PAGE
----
Hypoxia-Induced Brain Angiogenesis

Signals and Consequences
  • Joseph C. LaManna
  • Ning-Tsu Kuo
  • W. David Lust
Part of the Advances in Experimental Medicine and Biology book series (AEMB, volume 454)

Abstract

The energy requirements of the brain are large and immediate. The need to deliver adequate oxygen and glucose and to remove carbon dioxide specifies the vascular architecture. Taken as a whole, the metabolic demand of the brain is fairly constant during natural functions including wakefulness and sleep. Matched against this constant central demand is the varying cardiac output that serves the changing systemic needs that vary with physical activity. This major autoregulatory function occurs at the level of the larger brain vessels which act to keep brain blood flow constant despite wide systemic swings in cardiac output and blood pressure. Although overall brain blood flow is relatively constant, local and regional brain flow must be characterized as both spatially and temporally heterogeneous. An additional important constraint is that central nervous system neurons are vulnerable to oxidative damage from reactive oxygen species, and, therefore, lower exposure to oxygen is more compatible with long term continuance of function. Thus, normal brain function appears to occur with very low levels of tissue oxygen in brain regions that are not active. Once activated, however, blood flow to these regions becomes elevated while activity persists. The challenge for the cerebrovascular control mechanisms, then, is to maintain a low oxygen cellular milieu during quiescence, but rapidly provide a high oxygen supply during transient periods of neuronal activation. This latter task becomes more difficult in a low ambient oxygen environment.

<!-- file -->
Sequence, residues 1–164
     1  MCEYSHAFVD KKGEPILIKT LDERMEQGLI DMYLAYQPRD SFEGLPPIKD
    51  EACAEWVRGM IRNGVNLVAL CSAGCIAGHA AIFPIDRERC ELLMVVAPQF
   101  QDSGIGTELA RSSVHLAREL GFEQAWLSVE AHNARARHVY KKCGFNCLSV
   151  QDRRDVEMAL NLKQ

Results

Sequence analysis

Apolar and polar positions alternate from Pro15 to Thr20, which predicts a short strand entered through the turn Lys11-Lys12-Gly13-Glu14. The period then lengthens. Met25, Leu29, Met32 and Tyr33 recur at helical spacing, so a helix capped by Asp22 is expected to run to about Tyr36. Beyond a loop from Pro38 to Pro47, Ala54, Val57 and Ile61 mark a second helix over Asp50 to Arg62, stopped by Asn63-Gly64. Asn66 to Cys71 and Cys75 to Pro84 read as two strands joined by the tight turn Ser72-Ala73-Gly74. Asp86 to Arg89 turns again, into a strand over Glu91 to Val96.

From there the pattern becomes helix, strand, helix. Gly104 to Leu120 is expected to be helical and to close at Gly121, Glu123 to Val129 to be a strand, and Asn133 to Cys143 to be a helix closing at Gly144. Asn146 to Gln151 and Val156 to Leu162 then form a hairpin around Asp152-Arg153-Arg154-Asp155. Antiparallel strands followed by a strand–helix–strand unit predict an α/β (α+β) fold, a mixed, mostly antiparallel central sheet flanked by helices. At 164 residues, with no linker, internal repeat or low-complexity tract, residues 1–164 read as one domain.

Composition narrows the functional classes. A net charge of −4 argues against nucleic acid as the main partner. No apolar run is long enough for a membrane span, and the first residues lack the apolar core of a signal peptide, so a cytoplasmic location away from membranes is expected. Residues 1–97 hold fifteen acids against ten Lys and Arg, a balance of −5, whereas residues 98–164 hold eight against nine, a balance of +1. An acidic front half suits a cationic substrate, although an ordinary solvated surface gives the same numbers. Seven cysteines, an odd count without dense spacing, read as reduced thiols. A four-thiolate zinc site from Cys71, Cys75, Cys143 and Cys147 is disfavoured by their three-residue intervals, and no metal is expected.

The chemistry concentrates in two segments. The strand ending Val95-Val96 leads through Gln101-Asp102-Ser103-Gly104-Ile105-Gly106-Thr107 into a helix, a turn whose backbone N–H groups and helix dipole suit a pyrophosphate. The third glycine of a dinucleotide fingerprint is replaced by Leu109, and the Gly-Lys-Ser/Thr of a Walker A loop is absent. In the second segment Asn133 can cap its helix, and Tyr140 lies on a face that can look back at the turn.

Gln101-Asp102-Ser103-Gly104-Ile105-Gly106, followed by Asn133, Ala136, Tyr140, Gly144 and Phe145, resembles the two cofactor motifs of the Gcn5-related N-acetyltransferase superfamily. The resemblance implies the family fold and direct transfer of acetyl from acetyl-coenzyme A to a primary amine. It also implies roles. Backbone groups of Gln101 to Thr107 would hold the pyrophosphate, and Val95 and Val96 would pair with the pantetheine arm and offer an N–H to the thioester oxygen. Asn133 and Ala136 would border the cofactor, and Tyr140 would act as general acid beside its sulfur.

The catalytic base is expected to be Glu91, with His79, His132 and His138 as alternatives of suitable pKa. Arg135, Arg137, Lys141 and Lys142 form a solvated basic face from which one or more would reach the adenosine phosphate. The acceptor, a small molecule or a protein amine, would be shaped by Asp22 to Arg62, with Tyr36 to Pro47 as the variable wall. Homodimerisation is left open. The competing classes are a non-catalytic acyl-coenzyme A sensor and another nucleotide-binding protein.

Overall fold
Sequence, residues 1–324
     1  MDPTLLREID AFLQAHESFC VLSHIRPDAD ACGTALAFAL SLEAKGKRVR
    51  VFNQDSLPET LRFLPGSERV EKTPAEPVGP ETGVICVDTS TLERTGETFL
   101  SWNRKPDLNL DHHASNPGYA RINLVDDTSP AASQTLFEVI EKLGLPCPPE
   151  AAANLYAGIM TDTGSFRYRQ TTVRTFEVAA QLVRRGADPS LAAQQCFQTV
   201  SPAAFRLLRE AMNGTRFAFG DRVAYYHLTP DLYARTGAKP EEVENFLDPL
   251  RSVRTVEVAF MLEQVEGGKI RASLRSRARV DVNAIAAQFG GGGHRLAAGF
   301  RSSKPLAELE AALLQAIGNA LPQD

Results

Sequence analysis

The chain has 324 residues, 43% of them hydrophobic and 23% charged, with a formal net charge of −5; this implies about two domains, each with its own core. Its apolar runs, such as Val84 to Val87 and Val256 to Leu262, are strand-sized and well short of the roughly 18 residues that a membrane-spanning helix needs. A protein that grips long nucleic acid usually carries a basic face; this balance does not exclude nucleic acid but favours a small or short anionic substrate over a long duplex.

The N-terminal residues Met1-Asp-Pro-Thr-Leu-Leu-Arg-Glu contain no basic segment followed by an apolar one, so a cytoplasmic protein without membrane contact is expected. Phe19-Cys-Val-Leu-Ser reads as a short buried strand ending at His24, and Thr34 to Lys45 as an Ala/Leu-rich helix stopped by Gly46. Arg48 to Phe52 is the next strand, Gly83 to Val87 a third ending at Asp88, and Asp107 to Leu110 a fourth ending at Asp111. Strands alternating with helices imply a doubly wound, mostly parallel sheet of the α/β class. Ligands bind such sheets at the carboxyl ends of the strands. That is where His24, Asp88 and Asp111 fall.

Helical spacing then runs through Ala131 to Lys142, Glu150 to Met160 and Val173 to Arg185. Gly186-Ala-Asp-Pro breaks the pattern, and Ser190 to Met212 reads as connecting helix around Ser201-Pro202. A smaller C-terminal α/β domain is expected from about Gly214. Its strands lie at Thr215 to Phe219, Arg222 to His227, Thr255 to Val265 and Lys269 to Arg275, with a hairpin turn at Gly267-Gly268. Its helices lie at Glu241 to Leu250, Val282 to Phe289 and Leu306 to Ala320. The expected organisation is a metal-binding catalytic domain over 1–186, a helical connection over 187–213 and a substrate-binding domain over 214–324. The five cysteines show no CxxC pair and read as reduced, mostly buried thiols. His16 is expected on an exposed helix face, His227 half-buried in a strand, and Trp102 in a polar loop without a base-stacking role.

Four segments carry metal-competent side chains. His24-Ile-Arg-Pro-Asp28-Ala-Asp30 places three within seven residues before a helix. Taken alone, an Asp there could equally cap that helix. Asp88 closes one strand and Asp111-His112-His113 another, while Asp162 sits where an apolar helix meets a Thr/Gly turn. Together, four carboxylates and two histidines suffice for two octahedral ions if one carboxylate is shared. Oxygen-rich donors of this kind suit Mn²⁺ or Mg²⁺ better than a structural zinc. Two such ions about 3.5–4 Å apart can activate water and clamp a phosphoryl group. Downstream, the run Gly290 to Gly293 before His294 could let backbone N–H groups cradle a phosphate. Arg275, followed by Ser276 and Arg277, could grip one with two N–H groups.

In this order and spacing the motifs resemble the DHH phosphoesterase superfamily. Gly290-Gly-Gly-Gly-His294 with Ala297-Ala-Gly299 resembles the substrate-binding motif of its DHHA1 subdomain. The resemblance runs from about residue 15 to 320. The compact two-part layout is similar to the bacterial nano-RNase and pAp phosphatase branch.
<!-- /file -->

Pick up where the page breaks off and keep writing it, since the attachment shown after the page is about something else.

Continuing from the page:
Keywords

Ischemia Cage Citrate Electrophoresis Pyridine 

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Copyright information

© Springer Science+Business Media New York 1998

Authors and Affiliations

  • Joseph C. LaManna
    • 1
  • Ning-Tsu Kuo
    • 1
  • W. David Lust
    • 1
  1. 1.Departments of Neurology, Anatomy and Neurological SurgeryCase Western Reserve University School of MedicineClevelandUSA

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